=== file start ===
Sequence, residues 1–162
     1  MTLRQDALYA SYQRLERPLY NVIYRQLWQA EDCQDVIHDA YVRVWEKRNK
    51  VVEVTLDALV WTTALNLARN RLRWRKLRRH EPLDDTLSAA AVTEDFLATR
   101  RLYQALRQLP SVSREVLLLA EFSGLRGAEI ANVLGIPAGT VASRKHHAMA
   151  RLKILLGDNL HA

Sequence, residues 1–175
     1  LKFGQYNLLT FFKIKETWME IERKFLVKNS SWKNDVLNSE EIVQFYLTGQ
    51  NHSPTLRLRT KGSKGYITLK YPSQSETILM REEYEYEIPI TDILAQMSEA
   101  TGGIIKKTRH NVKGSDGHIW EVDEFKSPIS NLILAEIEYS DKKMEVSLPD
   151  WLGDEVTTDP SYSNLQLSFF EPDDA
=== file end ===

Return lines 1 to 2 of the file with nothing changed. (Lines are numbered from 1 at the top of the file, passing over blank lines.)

Sequence, residues 1–162
     1  MTLRQDALYA SYQRLERPLY NVIYRQLWQA EDCQDVIHDA YVRVWEKRNK